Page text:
Pantera next auditioned El Paso native Rick Mythiasin to sing for Steel Prophet and Agent Steel. A former schoolmate of the Abbott brothers, David Peacock of the band Forced Entry, joined the band as lead vocalist in the spring of 1986, but despite Pantera doing most of the work for their fourth album during the summer with Peacock and the Abbotts found Peacock's voice to be unsuited to the musical direction Pantera wished for. By the end of the year, Pantera revisited original frontman Donny Hart, but Hart himself knew he was not the man Pantera were seeking and Jerry Abbott was to fire him. During 1986, New Orleans native Phil Anselmo had always heard. At the end of the year, they invited him to audition, the eighteen-year old Anselmo became a member of the band. Anselmo had been the vocalist for the bands Samhain and Razor White. Upon playing with Pantera, Anselmo clicked with the other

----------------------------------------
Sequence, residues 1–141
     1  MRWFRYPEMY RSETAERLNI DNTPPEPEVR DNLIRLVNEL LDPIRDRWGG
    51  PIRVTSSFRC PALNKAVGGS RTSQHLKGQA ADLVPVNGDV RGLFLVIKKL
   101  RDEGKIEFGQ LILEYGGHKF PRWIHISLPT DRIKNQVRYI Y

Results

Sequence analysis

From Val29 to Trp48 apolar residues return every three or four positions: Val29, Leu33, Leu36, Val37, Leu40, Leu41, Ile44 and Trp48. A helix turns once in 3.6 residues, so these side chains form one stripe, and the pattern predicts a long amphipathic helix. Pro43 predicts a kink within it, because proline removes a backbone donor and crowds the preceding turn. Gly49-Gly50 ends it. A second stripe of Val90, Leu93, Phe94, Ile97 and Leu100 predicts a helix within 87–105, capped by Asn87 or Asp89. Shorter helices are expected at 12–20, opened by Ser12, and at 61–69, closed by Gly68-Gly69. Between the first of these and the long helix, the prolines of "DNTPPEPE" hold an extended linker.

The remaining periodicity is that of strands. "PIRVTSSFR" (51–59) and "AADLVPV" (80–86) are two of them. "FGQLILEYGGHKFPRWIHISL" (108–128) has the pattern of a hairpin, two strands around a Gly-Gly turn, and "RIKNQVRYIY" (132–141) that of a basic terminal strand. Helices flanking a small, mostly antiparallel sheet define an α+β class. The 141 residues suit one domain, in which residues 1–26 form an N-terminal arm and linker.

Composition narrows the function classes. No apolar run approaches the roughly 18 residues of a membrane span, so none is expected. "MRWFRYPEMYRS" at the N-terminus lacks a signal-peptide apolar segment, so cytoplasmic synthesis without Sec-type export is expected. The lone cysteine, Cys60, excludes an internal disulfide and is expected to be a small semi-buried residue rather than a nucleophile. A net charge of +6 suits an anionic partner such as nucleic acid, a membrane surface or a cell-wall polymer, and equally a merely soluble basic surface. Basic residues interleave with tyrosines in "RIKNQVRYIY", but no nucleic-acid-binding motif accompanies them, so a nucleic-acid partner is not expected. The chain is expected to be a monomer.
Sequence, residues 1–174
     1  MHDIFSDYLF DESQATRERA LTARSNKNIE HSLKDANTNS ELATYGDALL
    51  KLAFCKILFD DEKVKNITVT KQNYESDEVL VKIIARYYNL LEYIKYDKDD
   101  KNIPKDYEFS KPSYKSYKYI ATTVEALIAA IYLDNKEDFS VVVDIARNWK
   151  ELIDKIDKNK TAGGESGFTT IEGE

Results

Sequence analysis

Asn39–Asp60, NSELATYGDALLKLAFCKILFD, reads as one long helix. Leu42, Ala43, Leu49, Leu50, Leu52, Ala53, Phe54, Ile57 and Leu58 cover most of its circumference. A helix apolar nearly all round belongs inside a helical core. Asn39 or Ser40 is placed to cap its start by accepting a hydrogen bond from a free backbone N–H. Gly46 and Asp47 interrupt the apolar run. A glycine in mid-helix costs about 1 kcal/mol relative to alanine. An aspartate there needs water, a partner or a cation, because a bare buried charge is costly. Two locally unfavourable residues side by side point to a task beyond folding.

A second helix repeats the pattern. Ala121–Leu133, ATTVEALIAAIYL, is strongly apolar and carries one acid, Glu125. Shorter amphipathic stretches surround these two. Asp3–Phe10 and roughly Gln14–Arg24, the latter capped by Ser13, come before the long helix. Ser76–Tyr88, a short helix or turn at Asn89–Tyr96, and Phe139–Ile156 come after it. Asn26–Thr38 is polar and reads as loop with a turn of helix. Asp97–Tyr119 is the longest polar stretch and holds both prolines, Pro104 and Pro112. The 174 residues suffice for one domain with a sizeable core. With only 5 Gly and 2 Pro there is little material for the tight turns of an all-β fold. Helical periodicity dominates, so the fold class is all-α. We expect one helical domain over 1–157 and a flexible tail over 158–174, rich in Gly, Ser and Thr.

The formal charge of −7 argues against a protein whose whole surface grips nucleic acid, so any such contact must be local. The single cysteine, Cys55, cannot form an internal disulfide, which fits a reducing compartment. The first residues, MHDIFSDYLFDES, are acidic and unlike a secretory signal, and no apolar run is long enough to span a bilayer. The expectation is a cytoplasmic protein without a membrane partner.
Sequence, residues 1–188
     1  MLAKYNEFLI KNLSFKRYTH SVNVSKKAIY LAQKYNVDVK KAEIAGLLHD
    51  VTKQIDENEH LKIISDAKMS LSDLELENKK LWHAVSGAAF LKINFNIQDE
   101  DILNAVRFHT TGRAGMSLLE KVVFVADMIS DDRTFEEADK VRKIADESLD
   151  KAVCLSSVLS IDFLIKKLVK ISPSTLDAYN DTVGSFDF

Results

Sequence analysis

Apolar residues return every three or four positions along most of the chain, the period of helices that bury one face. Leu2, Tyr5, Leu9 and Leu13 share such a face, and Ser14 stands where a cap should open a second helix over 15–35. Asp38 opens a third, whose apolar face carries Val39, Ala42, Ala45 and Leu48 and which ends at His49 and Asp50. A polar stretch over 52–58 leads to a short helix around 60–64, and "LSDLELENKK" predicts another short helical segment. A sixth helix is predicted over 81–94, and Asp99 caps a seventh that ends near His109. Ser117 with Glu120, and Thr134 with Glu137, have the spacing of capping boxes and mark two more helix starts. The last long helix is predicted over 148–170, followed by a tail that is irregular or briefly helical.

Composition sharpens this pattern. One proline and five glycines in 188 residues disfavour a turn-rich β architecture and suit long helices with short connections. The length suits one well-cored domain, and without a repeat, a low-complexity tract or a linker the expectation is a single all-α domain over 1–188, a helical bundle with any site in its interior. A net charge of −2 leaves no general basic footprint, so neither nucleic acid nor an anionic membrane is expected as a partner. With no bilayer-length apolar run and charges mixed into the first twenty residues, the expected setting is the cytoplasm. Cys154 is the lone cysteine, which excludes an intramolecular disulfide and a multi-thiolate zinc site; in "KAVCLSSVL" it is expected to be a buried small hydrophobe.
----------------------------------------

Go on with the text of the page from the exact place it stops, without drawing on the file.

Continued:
Come Clarity is the eighth studio album by the Swedish metal band In Flames. The album was released on February 3, 2006 in Europe through Nuclear Blast Records and February 7 in the U. S. through Ferret Records. This album was entitled Crawl Through Knives but was changed to its current title and the track itself is listed incorrectly on some programs as "Crawling Through Knives" along with others such as "Reflect the Storm" as "Reflect the End", "Versus Terminus" as "End of All Things"; this album features the artwork of Derek Hess, popular among metal bands and has produced artwork for Converge and Sepultura amongst others. With Sepultura, their album Roorback's artwork has a similarity; the song "Take This Life" is featured in Guitar Hero III: Legends of Rock and music videos were produced for this song along with "Come Clarity". The drums, vocals and programming were recorded at "Dug Out Studio" and Guitars and Bass were recorded at "The Room"; this album was mixed and mastered at "Tonteknik Recording".